“I know we still have work to do but in a year of unprecedented pressures, it is amazing to see what has been achieved by doing things differently and working in a truly collaboratively way.”

The improvements to the spinal waiting lists under the One Devon Elective Pilot were undertaken using the recommendations highlighted in the GIRFT review of spinal surgery in March 2023.

Professor Tim Briggs, Chair of the GIRFT programme and NHSE’s National Director for Clinical Improvement and Elective Recovery, said: “This is a unique pilot that shows the art of the possible when clinical and operational teams work collaboratively across multiple providers to maximise capacity and productivity within a healthcare system.

“The GIRFT team have worked in partnership with One Devon and I am delighted to see the results. All those involved are to be highly congratulated on this significant achievement to reduce spinal surgery waiting times and ultimately deliver an improved service for spinal patients across Devon and Cornwall.”

Off the back of the GIRFT review recommendations, a number of changes and improvements have been made:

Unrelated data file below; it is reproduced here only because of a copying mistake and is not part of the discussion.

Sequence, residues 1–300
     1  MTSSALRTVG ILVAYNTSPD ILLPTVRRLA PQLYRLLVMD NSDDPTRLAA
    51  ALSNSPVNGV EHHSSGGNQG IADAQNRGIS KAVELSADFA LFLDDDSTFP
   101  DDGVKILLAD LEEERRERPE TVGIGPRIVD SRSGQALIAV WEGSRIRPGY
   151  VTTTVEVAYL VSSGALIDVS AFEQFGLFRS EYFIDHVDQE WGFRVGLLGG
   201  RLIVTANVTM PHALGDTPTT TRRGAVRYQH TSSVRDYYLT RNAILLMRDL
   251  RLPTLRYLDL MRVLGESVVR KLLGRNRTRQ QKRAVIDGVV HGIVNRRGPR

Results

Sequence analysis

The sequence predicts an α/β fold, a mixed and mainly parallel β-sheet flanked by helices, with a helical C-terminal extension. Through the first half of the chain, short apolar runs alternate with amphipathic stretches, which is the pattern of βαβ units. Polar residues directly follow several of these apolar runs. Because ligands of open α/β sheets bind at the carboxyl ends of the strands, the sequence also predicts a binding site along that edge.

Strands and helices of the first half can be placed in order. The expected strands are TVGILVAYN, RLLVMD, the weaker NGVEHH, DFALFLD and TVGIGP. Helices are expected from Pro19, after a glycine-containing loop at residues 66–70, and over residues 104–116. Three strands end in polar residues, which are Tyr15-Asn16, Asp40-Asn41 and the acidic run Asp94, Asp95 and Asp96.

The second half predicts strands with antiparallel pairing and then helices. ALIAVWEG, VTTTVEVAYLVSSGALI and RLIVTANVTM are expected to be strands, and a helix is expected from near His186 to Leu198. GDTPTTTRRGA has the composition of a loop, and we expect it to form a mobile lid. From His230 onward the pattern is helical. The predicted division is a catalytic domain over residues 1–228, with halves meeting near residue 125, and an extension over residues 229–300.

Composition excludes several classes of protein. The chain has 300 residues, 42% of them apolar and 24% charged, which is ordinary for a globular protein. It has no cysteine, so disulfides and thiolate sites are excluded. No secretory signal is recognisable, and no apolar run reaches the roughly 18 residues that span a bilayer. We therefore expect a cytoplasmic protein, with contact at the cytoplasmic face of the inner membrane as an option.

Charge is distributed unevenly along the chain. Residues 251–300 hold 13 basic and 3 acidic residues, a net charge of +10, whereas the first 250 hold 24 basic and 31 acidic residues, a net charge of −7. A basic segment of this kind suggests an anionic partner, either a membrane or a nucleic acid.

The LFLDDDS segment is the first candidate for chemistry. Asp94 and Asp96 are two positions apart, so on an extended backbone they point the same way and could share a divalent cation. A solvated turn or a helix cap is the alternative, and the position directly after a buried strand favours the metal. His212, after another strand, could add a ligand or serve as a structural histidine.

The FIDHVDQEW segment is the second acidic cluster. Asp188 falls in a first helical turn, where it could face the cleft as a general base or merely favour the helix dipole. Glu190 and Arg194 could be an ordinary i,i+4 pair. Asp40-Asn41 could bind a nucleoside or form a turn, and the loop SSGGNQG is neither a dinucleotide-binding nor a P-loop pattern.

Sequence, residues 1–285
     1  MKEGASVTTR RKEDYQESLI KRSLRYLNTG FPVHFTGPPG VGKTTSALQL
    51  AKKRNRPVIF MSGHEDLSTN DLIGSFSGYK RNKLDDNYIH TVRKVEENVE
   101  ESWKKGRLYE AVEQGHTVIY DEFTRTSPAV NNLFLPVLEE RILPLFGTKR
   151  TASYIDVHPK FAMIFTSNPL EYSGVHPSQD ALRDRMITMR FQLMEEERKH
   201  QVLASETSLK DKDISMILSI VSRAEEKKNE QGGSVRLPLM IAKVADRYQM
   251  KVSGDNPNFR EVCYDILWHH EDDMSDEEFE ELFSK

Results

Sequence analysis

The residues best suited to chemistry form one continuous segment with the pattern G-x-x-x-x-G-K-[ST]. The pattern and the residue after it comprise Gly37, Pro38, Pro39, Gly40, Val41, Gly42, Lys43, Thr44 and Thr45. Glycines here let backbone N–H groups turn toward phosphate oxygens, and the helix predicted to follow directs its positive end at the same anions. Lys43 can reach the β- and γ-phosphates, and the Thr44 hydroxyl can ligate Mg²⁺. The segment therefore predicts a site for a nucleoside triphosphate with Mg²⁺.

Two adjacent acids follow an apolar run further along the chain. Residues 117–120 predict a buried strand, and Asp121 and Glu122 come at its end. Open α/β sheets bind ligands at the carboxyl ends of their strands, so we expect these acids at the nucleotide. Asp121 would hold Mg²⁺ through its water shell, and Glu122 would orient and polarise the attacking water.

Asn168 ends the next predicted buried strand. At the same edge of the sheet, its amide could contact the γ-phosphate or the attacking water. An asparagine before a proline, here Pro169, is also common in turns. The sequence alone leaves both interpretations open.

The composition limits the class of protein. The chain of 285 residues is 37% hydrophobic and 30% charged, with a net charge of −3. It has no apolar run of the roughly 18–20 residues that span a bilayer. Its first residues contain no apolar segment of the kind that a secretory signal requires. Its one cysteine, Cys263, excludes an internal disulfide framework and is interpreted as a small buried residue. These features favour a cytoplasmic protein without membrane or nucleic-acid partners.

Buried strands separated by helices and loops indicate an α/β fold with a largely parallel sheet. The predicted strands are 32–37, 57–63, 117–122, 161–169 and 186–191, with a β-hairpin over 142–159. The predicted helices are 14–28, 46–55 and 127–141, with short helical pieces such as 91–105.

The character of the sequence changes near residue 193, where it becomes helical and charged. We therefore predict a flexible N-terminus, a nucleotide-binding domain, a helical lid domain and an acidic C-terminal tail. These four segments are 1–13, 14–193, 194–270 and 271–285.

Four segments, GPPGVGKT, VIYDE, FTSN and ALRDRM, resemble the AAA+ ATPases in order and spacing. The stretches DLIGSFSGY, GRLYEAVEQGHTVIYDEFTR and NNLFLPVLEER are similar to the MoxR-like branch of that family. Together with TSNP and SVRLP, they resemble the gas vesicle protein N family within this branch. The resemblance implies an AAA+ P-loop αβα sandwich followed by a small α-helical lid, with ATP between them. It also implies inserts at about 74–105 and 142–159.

NHS Devon has funded two additional surgeons who work for both University Hospitals Plymouth NHS Trust (UHP) and Royal Devon University Healthcare NHS Foundation Trust (RDUH) in the spinal centres at Derriford Hospital and the Royal Devon and Exeter Hospital. 

  • There is a multi-disciplinary team meeting between the trusts where they can collaborate on how to treat complex patient cases.
  • The spinal centres in Devon have also adopted best practice in terms of productivity for running outpatient clinics and operating theatre lists.
  • There is now a streamlined process for patients to access the spinal care they need through single point of access (SPOA).  This pathway developed between One Devon and the Peninsula Spinal ODN follows a single, streamlined pathway ensuring patients are seen by the right person, in the right place, at the right time. All patients across the Devon and Cornwall peninsula will have consistent access to spinal care.
  • In October 2023, a dedicated spinal surgical service was established at the Exeter Nightingale Hospital and made available to all appropriate patients on spinal referral pathways across Devon.

While patients can choose where they would like to have their treatment, the Nightingale service provides additional capacity for the treatment of lower complexity cases (i.e. sciatica due to disc prolapse). It also benefits from being located within an elective hub centre, eliminating the impact that urgent care pressures present on acute hospital sites with emergency departments. The spinal service at the Exeter Nightingale Hospital is hosted by the RDUH but operates as a Devon-wide asset. The commissioning of this service was a joint venture across Devon.

Mr Greengrass, the first spinal patient to be operated on at the Exeter Nightingale Hospital, said; “I was in at 7.30am and home by 2pm. The hospital is well set up, very efficient and the staff were all lovely.”